Over the first third of my career, I had a perfect record of great success in hiring new employees. I figured that either I was great at it or it was easy. The following third brought me mixture of outcomes. I sat back to review where I had done well and poorly in an attempt to avoid future mistakes. In every success, I had based my hiring decision on the person’s character and capabilities. In every case of failure, I had not been as diligent in assessing these aspects. It should not be surprising that laziness leads to disaster.
Further introspection yielded additional information. When I looked for candidates that had many years of doing very similar things in similar industries, the best outcome was mediocrity. Most of these hires were disappointments or outright failures. When I valued diversity of background and growth potential I was always rewarded. Only once did I have a great hire that came from a company in the same industry as my own. However in that case, I didn’t hire him because of the company from which he came, but because of the outstanding character traits he displayed in the interview. I would have hired him if he had been fresh out of college without any experience.
I once interviewed with a company in my own industry but in a different niche. I was told that I’d be receiving an offer, but when I came in to negotiate the deal with the vice president to whom I’d be reporting I was told he had just resigned that morning. A different vice president walked in the room, and told me that he couldn’t hire me because he was too busy to teach me the ropes of their specialized market segment. He was obliged, he said, to recruit someone from one of his competitors.
“Why would you want to hire a stupid person?” I asked. I figured that I had lost the deal so some undiplomatic conversation couldn’t hurt anything.
“What do you mean?” He responded with a puzzled look on his face.
“I was told that your company was expecting to take over the market leadership quickly because your competition was clueless.”
He nodded agreement, but was still looking confused.
“Well, if you plan to hire someone from your competitors, and your competitors are clueless then it means that you’ll end up with a stupid employee, right?” I had used their words and 8th grade deductive reasoning to show how illogical his approach was. He conceded the point, but said he was obliged to do so. That company never did gain any increased market share.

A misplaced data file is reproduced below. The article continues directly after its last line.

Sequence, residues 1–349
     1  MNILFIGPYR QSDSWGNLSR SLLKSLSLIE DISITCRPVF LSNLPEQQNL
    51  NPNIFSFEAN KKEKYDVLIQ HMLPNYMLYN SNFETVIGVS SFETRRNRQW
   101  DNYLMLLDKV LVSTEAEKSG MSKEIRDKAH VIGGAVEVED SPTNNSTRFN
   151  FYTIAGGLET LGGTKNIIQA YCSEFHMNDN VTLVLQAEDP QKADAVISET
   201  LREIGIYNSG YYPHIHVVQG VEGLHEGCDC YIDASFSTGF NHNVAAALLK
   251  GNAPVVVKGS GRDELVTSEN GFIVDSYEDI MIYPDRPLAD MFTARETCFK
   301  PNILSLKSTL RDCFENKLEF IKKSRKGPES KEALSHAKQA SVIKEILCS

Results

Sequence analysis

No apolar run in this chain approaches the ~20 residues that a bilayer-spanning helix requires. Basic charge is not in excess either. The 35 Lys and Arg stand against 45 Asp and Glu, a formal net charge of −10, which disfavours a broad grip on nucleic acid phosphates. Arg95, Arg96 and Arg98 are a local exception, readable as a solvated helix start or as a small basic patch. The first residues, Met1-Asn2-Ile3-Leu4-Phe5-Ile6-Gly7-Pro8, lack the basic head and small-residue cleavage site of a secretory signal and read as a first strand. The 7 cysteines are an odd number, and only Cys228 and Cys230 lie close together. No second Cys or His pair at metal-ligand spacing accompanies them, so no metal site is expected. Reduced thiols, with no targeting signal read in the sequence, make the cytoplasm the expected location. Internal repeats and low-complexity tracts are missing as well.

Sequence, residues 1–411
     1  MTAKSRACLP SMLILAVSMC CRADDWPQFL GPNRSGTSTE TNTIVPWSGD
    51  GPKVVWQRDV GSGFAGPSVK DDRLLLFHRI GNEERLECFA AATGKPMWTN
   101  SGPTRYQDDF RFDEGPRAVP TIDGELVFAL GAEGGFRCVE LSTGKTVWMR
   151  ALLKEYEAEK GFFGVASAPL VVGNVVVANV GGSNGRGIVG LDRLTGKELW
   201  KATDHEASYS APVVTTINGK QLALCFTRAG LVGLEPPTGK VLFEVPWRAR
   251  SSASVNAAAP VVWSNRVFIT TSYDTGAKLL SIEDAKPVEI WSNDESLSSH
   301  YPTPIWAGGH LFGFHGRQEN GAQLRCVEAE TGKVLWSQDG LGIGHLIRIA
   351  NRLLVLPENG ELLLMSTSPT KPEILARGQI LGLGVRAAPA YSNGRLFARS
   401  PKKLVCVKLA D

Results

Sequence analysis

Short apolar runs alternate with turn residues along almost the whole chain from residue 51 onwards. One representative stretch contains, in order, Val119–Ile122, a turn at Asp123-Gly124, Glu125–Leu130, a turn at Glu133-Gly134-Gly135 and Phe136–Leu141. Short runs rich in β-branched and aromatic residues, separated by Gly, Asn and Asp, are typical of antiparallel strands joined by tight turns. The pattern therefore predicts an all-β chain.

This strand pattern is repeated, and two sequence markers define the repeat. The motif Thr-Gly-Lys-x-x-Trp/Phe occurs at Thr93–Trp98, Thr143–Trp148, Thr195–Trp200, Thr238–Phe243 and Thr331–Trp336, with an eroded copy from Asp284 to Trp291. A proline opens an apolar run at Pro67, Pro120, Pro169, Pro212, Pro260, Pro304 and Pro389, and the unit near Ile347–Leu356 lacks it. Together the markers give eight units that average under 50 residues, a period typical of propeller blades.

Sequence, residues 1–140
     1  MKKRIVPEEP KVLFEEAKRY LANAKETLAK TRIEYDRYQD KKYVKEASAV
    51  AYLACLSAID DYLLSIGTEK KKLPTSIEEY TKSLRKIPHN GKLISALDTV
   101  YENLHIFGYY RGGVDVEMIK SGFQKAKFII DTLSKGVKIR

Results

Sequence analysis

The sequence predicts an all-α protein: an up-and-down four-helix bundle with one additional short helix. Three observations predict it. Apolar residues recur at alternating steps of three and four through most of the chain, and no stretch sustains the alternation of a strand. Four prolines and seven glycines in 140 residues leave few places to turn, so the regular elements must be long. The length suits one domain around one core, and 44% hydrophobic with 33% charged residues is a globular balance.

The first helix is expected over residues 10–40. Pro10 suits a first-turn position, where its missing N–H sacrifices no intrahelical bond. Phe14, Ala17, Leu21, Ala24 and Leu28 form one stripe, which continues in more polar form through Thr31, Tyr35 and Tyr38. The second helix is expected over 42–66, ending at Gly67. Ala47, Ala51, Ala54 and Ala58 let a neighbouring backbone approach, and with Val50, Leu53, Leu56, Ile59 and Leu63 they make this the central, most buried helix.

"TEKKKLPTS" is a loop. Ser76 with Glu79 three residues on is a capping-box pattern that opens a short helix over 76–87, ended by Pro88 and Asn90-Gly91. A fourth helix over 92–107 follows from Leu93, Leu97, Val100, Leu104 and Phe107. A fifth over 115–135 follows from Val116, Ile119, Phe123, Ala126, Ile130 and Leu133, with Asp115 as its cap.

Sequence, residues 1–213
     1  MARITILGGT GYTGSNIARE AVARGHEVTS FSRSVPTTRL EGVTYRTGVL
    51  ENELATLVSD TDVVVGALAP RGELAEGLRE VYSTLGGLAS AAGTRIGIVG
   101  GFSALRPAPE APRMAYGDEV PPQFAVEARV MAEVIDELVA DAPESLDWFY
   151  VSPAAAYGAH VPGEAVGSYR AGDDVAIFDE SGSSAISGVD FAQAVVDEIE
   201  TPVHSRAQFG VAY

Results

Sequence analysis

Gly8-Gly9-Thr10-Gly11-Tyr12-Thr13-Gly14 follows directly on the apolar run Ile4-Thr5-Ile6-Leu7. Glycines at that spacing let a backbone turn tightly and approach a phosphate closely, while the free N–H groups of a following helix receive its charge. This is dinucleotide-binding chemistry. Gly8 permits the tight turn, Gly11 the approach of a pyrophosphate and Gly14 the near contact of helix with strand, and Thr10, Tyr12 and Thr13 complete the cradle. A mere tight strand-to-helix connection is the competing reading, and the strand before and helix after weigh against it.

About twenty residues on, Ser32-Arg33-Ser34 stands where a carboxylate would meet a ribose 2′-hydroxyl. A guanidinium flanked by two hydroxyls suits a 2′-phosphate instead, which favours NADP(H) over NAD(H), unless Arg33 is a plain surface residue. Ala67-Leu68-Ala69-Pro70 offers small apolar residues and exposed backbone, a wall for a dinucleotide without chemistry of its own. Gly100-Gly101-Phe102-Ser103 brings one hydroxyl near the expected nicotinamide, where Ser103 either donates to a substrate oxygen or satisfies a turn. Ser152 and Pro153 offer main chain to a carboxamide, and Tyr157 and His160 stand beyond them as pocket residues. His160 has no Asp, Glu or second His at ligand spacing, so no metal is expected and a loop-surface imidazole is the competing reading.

I thought about the approach of only considering someone that has done the exact same thing before. What if Thomas Edison had applied for a job at a company trying to develop an electric light bulb?
“I see from your resume that you didn’t finish school and that you’ve never worked with electrical light fixtures before. Is that correct?”
Thomas would reply, “Yes. That’s right.”
“What sort of work have you done recently?”
“I created a device that recorded and replicated sound.”
“I’m sorry, but we’re trying to make an electric light. You don’t have what we’re looking for. Thank you for your time.”
I developed a series of questions to draw out the personality of candidates. These are not trick questions. They are questions to ascertain how honest, candid and prepared the candidates are. Here are three of them.
1) Describe your dream job? There are thousands of right answers. There are two wrong answers. The first is “this one.” The second is a fluffy, nonspecific response that could apply to almost anything. I’m looking for insight into what the person dreams about and why. I also want someone brave enough to answer a question to me as if he were talking to anyone but an interviewer. In the future, I’ll need him to speak up and tell me when I’m wrong.
2) What do you like best about our company’s website? There are a several right answers to this. I’m looking for specifics. If candidates don’t do their homework before the interview, you can’t expect them to do it after they are hired. Sometimes I ask it the opposite way, looking for them to give me criticisms about the site, again challenging them to be honest. Of course, I’m also looking for analytical capabilities.
3) Tell me about the favorite thing you’ve done in your career? I don’t really care what the thing is so much as how the story is told. I’m looking for details. Is there passion? What talents or attributes in that person made the story possible?
I’ll end this post with the worst answer to a question I’ve ever heard. I was hiring a new product manager at a company that made very technical products. I had two spots open. I described the product responsibilities for each. I asked him which he preferred. I didn’t care so much which he liked more, but I just wanted to hear the reasons for it. It would have been a bonus if he had done enough research on the company’s products and displayed the curiosity to ask me questions about them before he answered. Instead, he said, “Oh, I don’t care. I hate making decisions.”
Here’s a bonus piece of advice: always interview anyone who was recommended by someone you trust. I’ve NEVER regretted doing that.